Leave no genre behind

The Ropeadope New Music Seminar, a traveling showcase featuring the talents of a variety of genre-skipping musical protegs that brought its musical menagerie, including 8-string guitarist Charlie Hunter, to Suede on Tuesday, is a tour surrounded by the hype of its respective underground sensations.

But, when the tour stopped in Utah earlier this week, Ropeadope’s was not the only reputation that preceded the tour-the Beehive state had a dubious honor to claim as well.

“Your state is kind of crazy for Bush, huh?” said Hunter, all-around Ropeadope musical wonder boy.

But, while our nation’s democratic process may not please Hunter, he seems at least content with the constitutional ideals of “all genres created equal,” evidenced by his participation in a truly musically democratic tour currently crossing the country.

Hunter is “one of the few simultaneous guitar and bass players in the world,” according to the ISIC Travelmax Web site. He has also played with Michael Franti of Spearhead fame in the Disposable Heroes of Hiphoprisy prior to forming the Charlie Hunter Trio in 1993.

Currently Hunter is on the Ropeadope music tour, a performance that consists of Hunter and his group Sex Mob, hip-hop artist Lyrics Born, rockers Critters Buggin’, and poet Rich Medina, among others. A typical show consists of a non-stop, four-hour set in which some or all of the musicians play together, improvising on the spot, continually changing the on-stage line-up.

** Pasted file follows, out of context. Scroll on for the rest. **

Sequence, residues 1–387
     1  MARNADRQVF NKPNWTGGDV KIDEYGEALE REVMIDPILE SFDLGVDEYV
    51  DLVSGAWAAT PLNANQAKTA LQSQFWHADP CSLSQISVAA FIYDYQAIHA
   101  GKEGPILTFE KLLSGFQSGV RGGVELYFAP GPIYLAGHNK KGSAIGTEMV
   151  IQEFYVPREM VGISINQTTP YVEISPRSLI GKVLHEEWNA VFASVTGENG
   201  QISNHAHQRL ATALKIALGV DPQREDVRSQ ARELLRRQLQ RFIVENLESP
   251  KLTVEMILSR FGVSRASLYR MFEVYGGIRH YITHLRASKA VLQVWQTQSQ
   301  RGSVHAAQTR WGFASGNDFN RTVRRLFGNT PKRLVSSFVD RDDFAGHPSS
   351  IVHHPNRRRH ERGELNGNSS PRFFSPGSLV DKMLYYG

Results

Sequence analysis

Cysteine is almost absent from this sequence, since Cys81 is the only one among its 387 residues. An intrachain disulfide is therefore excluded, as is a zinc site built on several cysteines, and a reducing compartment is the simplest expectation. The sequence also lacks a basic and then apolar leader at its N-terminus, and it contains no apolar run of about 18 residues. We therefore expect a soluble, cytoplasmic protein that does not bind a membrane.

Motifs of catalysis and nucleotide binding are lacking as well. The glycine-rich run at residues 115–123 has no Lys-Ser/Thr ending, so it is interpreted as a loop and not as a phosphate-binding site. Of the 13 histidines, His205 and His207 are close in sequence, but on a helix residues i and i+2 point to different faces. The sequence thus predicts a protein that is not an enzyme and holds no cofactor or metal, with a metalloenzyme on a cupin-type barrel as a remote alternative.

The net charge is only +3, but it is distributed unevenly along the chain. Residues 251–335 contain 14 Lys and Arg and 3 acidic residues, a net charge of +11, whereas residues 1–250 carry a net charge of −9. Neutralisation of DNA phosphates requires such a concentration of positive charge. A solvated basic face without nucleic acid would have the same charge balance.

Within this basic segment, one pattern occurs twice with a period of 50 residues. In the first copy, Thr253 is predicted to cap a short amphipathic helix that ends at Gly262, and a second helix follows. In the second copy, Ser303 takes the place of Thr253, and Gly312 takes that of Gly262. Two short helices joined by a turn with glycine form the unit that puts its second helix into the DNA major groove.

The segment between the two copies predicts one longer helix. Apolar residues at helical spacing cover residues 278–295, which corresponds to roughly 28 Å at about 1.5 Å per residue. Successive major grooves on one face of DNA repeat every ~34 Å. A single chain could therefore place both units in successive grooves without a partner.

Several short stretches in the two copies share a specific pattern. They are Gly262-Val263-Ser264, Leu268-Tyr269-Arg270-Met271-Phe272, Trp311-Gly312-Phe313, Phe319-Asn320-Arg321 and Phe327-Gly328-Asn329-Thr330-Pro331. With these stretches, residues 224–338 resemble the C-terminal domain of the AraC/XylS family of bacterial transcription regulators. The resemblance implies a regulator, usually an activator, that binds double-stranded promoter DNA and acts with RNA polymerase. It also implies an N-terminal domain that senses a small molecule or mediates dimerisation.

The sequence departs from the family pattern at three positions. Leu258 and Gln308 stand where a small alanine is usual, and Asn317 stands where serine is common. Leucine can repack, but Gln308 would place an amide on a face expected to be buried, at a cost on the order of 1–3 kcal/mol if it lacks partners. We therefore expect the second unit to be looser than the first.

“We’re just going to play and see what happens. It will be different every night, very different every night,” Hunter said. “It’s going to be a crazy music extravaganza.”

The Ropeadope musicians as a whole are taking an educational stance to communicate to music students that music does not have boundaries. Clearly, many musicians can hardly be pinned down to only one musical genre, and the Ropeadope New Music Seminar is taking the drivers seat in genre cross pollination.

“The truth is we’re just trying to get the concept and the whole thing off the ground now,” Adam Hurwitz said. “The education part to us is almost as important, if not more important, than the music.”

While the nature of the showcase is something new for the American music scene, Hunter is something of a veteran-he does this type of thing in New York all the time.

In addition to Ropeadope, Hunter has previously collaborated with Medeski Martin and Wood, Franti, Fred Wesley, DJ Logic and many other renowned jazz, pop, rock and hip-hop musicians.

Hunter’s unique 8-string guitar incorporates three bass strings and five guitar strings. The instrument has a necessarily distorted fret board to accommodate both bass and guitar strings and the space that is required between frets.

To play this instrument, Hunter thumbs a bass line and plays a melody with the remaining four fingers of his right hand while fretting both the bass and treble notes with the left hand.

Hunter, who studied guitar under Joe Satriani in the 1980s, decided to play his uncommon instrument “to try to get into some different modus operandi.” While bassists and guitarists were a dime a dozen, Hunter sought to “occupy a different space in the music than just a guitar or just a bass would,” similar to the way in which the Ropeadope festival occupies different musical space than any other tour today.

“Someone has got to stop playing the lead,” Hunter said.

Hunter, who was previously with Blue Note Records, has recently released a record on the Ropeadope label called Friends Seen and Unseen. The minimalist record, with only three players, lucidly features Hunter’s skills with smooth bass lines and simultaneous melodies.

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